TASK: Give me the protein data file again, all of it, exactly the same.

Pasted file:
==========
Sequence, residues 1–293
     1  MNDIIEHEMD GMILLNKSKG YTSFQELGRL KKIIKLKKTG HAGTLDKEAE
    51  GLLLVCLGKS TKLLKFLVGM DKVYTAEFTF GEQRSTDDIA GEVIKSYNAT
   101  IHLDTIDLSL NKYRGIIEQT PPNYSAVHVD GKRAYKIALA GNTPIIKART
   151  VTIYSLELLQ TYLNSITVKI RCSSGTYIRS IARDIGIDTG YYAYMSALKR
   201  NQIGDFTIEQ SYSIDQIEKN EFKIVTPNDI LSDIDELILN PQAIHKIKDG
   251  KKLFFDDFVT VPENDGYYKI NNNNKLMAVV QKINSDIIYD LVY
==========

Sequence, residues 1–293
     1  MNDIIEHEMD GMILLNKSKG YTSFQELGRL KKIIKLKKTG HAGTLDKEAE
    51  GLLLVCLGKS TKLLKFLVGM DKVYTAEFTF GEQRSTDDIA GEVIKSYNAT
   101  IHLDTIDLSL NKYRGIIEQT PPNYSAVHVD GKRAYKIALA GNTPIIKART
   151  VTIYSLELLQ TYLNSITVKI RCSSGTYIRS IARDIGIDTG YYAYMSALKR
   201  NQIGDFTIEQ SYSIDQIEKN EFKIVTPNDI LSDIDELILN PQAIHKIKDG
   251  KKLFFDDFVT VPENDGYYKI NNNNKLMAVV QKINSDIIYD LVY